KARACHI: Bears prevailed at the stock market in the outgoing week with the benchmark KSE-100 index dragged down by 1,378 points (3.3 per cent) and settling at 39,888 points after breaking two barriers of 41,000 and 40,000 points.
Investors were spooked by the arrival of second wave of Covid-19 that was feared to lead to more lock downs that would cast a blow on the economy and the markets. With the spectre of the disaster caused by the first wave fresh in memory, investors decided to ere on the side of caution and disposed of shares in the shortened four-session week (Friday being a holiday).
The market started out on a positive note as the market extended its celebrations of having averted the Financial Action Task Force black list. The rupee provided support to the market while corporates unveiled some scintillating financial results.
All of that however proved short-lived as the sell-off in the global equities and commodities market spilled over into the PSX.
Foreigners were the first to dump stocks as fund managers sought shelter of fixed return securities. The deteriorating law and order situation; the heated political atmosphere and the higher inflation, all made perfect recipe for disaster. The catastrophe turned into calamity after the government released stunningly higher figures of new Covid-19 cases with warnings of the second wave of the pandemic about to hit the country.
That sent the PSX in tailspin with blood splashed on most sectors where numerous stocks hit their lower locks.
Foreign funds were major sellers in the outgoing week, representing outflow of $21.34 million worth equity. Among local participants, individuals were net buyers of $6.40m, followed by insurance companies racking up $7.755m and mutual funds $4.71m.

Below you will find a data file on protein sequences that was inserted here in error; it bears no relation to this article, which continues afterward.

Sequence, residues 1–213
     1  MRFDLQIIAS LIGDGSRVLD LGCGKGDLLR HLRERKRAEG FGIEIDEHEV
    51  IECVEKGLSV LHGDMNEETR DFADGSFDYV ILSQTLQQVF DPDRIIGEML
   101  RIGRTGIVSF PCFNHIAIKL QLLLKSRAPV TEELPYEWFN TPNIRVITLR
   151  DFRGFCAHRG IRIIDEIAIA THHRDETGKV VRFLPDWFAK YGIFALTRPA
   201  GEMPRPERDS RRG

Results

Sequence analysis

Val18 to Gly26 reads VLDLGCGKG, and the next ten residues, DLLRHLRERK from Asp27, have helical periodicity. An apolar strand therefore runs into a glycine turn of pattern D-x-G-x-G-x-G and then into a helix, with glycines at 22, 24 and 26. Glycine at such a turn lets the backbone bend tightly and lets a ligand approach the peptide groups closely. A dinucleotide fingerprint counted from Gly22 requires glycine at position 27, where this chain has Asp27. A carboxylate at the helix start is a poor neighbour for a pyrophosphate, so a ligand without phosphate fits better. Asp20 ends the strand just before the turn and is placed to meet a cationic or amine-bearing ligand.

For the upcoming week, market pundits were unwilling to hazard a guess as the stocks were feared to fall victim to several negatives. Investors are likely keep an eye on the Covid-19 cases as a breakout of second wave could have a dreadful impact on the economy and company profits due to inevitable lock downs and restrictive economic activities.
No one would want to hold on to shares and suffer heavy losses as happened in March during the first wave. Other than that, the increasing bitterness on the political front has put the market in deep uncertainty which perhaps is the reason for the foreigners’ exit in the outgoing week. Inflation has to be contained. The light at the end of the tunnel is the considerable appreciation in the value of the rupee.
Investors would also watch out for the remaining corporate results and any pleasant surprise on earnings and pay outs could help lift sentiments.
Published in Dawn, November 1st, 2020